August 18, 2013

Breaking Bad and Walt Whitman

There have been several Walt Whitman references during the four and a half seasons of AMC’s Breaking Bad. This month the final episodes of the series are being shown.

The two WW's - Whitman and Breaking Bad protagonist, Walter White - have a strange connection.

The two don't seem similar. White is a high school science teacher who finds out he has cancer and becomes a crystal meth maker and distributor to build up a cash reserve for his family. Over the seasons, he breaks very bad, going “from Mr. Chips to Scarface” as the show's creator, Vince Gilligan, has said.

Whitman is nothing like that. Whitman and his book, Leaves of Grass, were not part of some original plot plan by the creator, But he keeps popping up.

In season three, White’s lab assistant, Gale, recites Whitman's poem “When I Heard the Learn’d Astronomer", a poem about disillusionment with theory and a need to engage with the world.
When I was shown the charts and diagrams, to add, divide, and measure them,
When I sitting heard the astronomer where he lectured with much applause in the lecture-room,
How soon unaccountable I became tired and sick,
Till rising and gliding out I wander’d off by myself,
In the mystical moist night-air,…

Gale gives Walt a copy of Leaves of Grass as a gift. In a later scene, Walt read the book which Gale inscribed with “To my other favorite W.W. It is an honor working with you.”

The name of this year's fifth season’s midpoint cliffhanger episode was “Gliding Over All,” which is an allusion to a poem in the book, "Song of Myself."

Gliding o’er all, through all,
Through Nature, Time, and Space,
As a ship on the waters advancing,
The voyage of the soul—not life alone,
Death, many deaths I’ll sing.

This poem connects with the Walt that White has become.

And then Walt’s brother-in-law Hank, a D.E.A. agent who has been pursuing the meth cook that is Walt, found the copy of Leaves of Grass in Walt's bathroom, and reading the inscription written by the now dead Gale, knows that Walt is the meth cook and drug lord also known as "Heisenberg."

Walter "Walt" Whitman the poet was a humanist and part of the transition between transcendentalism and realism. He is among the most influential poets in the American canon, often called the father of free verse.

His work was very controversial in its time, particularly Leaves of Grass, which was described as obscene for its overt sexuality.

Will "The Good Gray Poet" figure in the final episodes of the series?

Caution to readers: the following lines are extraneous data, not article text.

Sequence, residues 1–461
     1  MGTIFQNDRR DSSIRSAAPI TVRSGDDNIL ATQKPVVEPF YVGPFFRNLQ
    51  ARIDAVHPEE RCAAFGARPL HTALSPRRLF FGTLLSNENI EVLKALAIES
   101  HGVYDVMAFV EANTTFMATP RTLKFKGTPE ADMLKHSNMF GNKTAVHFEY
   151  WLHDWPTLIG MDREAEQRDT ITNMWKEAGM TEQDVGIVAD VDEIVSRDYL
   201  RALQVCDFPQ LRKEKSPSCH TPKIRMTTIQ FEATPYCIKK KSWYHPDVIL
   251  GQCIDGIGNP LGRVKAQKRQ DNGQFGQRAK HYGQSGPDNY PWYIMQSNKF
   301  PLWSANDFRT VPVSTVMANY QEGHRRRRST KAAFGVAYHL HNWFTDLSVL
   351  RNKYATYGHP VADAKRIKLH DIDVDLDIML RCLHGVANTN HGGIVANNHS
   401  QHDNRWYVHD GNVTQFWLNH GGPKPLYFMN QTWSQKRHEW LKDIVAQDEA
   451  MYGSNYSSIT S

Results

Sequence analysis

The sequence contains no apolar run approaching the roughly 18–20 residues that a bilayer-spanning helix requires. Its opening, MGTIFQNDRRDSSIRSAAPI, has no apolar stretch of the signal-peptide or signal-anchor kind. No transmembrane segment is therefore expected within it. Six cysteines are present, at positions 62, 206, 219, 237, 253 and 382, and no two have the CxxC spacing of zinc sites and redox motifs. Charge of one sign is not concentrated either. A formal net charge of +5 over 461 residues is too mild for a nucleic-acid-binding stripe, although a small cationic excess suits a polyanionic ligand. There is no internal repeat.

As at thy portals also death,
Entering thy sovereign, dim, illimitable grounds...
I grave a monumental line, before I go, amid these songs,
And set a tombstone here.

More About WW and WW

August 1, 2013

Prompt: Alliteration, Masturbation and Other Literary Terms

We all were taught literary terms in school, especially during some poetry unit. Simile, metaphor, personification and many others were supposed to be the common vocabulary and grammar we used to dissect the poems.

This month's model poem for our prompt is one that is titled with a literary term - alliteration. The poem itself is no ars poetica though.

by Paul Hostovsky

I whacked off in these woods once.
But that was a long time ago when
everything rhymed a little with
the trees all facing upward and the sky
was full of itself and no one
was around. And everything smelled good.
I smelled good myself. A sweaty,
muddy, musky, burning smell of
autumn or late summer or very early
spring was in the air, and I was so
excited to be so young and existential
and solipsistic, that I peeled off my shirt
and pants and underpants, and stood there
erect and steeply rocking under a sycamore,
my peeled bark in a little pile at my feet,
my head tossing in the wind, my mouth
opening, wider, wider, as if trying
to pronounce all the vowels at the same time
and failing deliciously, and sinking down
to the ground, totally spent and spluttering
a few choice consonants like kisses meant
for the pursed lips of the wind.

We know that alliteration is the repetition of the initial sounds (usually consonants) of stressed syllables in neighboring words. Usually it occurs at word beginnings, as in this line from Shelley's "The Cloud":  I bear light shade for the leaves when laid.

The poem has alliteration, but do you see a connection from the term to the poem's subject?  Repetition? The "few choice consonants" of spluttered sound? How intentional was it in this somewhat naughty-boy poem that has several puns that another name for alliteration is head rhyme?

For our August prompt, select a literary term as your title and starting point. Besides the common terms, there are plenty of lesser known ones (like half rhyme). And a term like "meter" has many sub-topics to offer. Pentameter and caesura suggest things outside of poetry to me. What would a poem titled "Free Verse" or "Masculine Verse" or "Feminine Verse" address?

To avoid preconceived notions, perhaps you should just browse a list of literary terms for poetry and find one that gets your interest.

Paul Hostovsky is the author of four books of poetry, Hurt Into Beauty (2012), A Little in Love a Lot (2011), Dear Truth (2009), and Bending the Notes (2008). His poems have won a Pushcart Prize, two Best of the Net awards, numerous chapbook contests, and have been featured on Poetry Daily, Verse Daily, and The Writer's Almanac. He works in Boston as a sign language interpreter at the Massachusetts Commission for the Deaf

"Alliteration" is from his forthcoming book Naming Names which can be pre-ordered now online.

Paul is online at